One of my favorite knives is my heavy-duty, two-pound, full-tang, 8-inch-bladed behemoth of a cleaver that I got for $15 at a recently closed restaurant supply store in Boston's Chinatown. I use it nearly daily for taking apart chickens, hacking through animal bones, mincing beef or pork for hand-chopped burgers or dumplings, cleaving hearty vegetables, and trying to look really badass in the mirror (it's not so good at that particular function).
But what if you don't have a $15 awesome-o cleaver in your arsenal already? What options are out there for you?
What To Look For in a Meat Cleaver
Meat cleavers are meant for heavy work—they’re not going to stay in pristine condition, so this one tool purchase where you can skip the flash and save some cash. Look for a securely fastened handle (we like three rivets for strength) and a blade length of 7” or 8”. Carbon steel is an excellent material thanks to its durability and affordability—just be sure to care for it properly.
We also recommend avoiding Japanese-style cleavers, since they aren't really cleavers and are used for chopping vegetables. Ditto for German-style meat cleavers. A cleaver is meant to be only for the toughest of the tough jobs, and will get beat up. It doesn't require the razor sharp edge-maintaining abilities of expensive German or Japanese steel, so there's no sense in paying over-the-odds prices for one when cheaper models are just as serviceable.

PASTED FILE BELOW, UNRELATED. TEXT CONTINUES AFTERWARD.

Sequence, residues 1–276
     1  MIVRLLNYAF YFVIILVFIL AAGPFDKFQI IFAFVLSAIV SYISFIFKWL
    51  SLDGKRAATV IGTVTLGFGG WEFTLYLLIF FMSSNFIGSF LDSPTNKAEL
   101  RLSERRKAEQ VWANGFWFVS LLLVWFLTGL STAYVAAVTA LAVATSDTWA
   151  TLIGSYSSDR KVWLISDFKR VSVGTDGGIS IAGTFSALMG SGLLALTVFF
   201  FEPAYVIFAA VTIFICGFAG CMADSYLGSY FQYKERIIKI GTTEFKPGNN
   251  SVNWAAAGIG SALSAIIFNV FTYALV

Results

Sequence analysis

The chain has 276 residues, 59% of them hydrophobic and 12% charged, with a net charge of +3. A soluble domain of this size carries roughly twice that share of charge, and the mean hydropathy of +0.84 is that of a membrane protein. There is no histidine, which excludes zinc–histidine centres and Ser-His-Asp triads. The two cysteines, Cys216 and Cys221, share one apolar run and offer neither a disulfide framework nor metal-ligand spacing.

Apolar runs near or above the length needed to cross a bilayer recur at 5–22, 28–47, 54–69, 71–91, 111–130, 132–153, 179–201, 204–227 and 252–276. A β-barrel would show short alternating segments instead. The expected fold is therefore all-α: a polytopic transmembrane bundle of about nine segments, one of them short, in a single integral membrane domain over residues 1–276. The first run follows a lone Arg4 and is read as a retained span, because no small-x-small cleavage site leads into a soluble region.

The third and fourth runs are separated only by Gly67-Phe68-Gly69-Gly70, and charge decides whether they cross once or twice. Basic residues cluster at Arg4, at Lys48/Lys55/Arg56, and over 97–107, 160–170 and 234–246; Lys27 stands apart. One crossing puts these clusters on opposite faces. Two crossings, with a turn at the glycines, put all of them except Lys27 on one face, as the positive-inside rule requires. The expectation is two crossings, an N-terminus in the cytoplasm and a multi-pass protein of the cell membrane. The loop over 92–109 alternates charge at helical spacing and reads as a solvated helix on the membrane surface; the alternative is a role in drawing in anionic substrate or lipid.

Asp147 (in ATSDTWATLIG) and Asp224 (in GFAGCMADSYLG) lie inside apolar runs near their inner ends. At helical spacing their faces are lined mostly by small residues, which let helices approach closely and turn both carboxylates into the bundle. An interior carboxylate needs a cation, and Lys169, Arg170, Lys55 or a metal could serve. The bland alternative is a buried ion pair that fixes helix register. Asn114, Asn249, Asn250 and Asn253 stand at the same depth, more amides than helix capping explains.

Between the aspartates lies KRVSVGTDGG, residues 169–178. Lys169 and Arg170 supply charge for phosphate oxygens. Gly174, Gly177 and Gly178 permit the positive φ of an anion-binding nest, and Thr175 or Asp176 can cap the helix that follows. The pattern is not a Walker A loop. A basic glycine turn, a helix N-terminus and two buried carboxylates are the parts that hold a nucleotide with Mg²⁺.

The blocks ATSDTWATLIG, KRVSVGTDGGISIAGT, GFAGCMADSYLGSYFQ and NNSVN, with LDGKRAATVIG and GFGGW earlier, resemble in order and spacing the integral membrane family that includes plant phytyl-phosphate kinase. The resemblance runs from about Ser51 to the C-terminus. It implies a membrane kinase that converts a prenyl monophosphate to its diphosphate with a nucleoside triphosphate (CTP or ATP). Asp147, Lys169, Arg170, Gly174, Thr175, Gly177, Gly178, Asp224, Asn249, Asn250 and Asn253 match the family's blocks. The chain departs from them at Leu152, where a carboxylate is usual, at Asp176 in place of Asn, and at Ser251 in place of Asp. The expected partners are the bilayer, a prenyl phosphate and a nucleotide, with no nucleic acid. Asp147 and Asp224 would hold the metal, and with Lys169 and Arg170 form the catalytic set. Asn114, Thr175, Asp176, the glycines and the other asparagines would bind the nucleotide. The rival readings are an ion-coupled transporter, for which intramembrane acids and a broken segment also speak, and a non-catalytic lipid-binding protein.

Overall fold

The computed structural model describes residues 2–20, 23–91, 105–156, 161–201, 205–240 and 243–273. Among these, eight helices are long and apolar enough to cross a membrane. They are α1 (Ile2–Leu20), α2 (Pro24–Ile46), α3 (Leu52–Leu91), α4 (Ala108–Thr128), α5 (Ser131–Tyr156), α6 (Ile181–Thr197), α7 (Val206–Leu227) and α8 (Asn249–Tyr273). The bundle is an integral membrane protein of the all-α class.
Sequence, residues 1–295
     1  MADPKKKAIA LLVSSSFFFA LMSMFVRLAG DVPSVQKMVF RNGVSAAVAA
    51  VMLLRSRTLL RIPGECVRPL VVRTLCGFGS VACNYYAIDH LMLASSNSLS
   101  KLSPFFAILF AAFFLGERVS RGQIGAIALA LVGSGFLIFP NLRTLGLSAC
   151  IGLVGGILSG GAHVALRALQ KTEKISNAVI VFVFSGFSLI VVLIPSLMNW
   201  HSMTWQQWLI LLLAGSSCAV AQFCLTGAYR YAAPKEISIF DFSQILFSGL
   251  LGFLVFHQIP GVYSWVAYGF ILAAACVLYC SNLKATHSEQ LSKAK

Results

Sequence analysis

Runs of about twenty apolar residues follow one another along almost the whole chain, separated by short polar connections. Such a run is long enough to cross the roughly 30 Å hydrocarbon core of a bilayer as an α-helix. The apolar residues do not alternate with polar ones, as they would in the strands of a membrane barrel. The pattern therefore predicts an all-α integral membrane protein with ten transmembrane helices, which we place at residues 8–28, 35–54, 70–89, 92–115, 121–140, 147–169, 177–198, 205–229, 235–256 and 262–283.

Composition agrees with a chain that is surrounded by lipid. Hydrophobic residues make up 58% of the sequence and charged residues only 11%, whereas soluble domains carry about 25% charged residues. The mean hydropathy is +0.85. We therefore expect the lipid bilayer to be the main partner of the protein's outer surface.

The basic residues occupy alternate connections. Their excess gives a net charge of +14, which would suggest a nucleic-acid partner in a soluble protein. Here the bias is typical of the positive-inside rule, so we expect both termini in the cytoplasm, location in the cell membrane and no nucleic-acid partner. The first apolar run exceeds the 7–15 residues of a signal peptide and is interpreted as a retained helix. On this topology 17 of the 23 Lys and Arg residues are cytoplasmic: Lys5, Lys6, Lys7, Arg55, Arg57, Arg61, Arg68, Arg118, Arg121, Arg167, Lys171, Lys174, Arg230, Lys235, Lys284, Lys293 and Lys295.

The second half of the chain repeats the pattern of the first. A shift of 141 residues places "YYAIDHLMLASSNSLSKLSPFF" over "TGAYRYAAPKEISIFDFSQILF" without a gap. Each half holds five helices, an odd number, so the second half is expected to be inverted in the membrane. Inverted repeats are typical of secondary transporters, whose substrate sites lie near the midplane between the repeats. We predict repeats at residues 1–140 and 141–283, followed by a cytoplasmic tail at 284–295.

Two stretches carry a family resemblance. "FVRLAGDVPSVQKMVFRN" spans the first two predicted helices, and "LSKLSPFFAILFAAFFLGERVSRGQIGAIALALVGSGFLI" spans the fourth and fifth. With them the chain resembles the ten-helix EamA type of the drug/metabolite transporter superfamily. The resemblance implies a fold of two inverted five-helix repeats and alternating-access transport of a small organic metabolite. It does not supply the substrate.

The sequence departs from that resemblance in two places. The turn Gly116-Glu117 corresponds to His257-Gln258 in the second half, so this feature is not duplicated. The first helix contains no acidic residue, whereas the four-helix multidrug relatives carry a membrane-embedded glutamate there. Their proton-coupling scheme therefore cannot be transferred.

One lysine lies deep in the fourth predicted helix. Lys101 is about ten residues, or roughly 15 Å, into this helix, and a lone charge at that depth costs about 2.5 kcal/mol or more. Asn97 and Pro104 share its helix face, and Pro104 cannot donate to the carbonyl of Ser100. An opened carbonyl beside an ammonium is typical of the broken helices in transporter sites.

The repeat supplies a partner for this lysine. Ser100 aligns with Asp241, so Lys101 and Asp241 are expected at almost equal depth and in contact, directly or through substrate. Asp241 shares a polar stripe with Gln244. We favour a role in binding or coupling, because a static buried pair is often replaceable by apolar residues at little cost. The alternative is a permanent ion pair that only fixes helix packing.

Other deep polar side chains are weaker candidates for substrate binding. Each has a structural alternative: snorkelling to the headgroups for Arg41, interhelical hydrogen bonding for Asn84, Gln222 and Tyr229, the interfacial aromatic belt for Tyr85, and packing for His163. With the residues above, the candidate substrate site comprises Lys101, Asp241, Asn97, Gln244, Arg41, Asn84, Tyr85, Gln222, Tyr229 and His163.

Despite its name and appearance, lightweight Chinese cleavers, like the Chinese Chef's Cleaver ($45.95), are not actually cleavers in the Western chef's sense of the word. Rather than heavy duty chopping work, they are in fact the Chinese chef's version of an extremely versatile chef's knife. The carbon steel blades can be sharpened for precise knife work, the flat can be used for pounding and mashing aromatics like garlic and ginger, the rounded handle is used as a pestle for grinding spices, the blunt back edge is used for tenderizing meat, and the wide flat blade makes it ideal for transferring chopped ingredients from cutting board to wok. Unfortunately, it also requires a completely different skill set than Western Knives, which is beyond the scope of this article.
If you want one of these puppies, you probably already know it. For those of you looking for a real bone-splitting cleaver, move along.
Our Favorite Meat Cleaver
Aside from the $15 model I found at the now-defunct supply store, the best cleaver I've been able to locate on the internet is the thankfully inexpensive 7" General Purpose Cleaver Knife with Wood Handle from Dexter-Russel ($39.98). It's certainly not the sharpest looking tool in the shed, but it's handsome enough in a utilitarian way. The hefty blade is made of high carbon steel and has a full tang securely fastened to the wood handle with three rivets—an absolute necessity to provide the cleaver with the heft and strength it needs to provide you with a lifetime of joyful chicken-hacking.
If you have a restaurant supply store nearby (particularly a Chinese one, where they are very fond of cleavers), I suggest you take a swing by to look. Otherwise, the Dexter-Russell is a perfectly serviceable and reasonably priced option.
What is a meat cleaver?
Meat cleavers are knives with large, thick, rectangular blades. They resemble small hatchets, and are purpose-built for hacking through meat and bone.
What’s the best way to store a meat cleaver?
As with every knife in your arsenal, a meat cleaver should be washed by hand (avoid the dishwasher!) and put away completely dry. Store it on a magnetic strip, in a knife block, or lying flat in a drawer.
How can you sharpen a meat cleaver?
Unless you have a whetstone and are confident in your honing skills, it’s probably best to take your meat cleaver to a professional for sharpening. Fortunately, the large blade of a cleaver is easy to bring back to a fine edge—and meat cleavers generally do not need to be as precise as a multipurpose chef’s knife.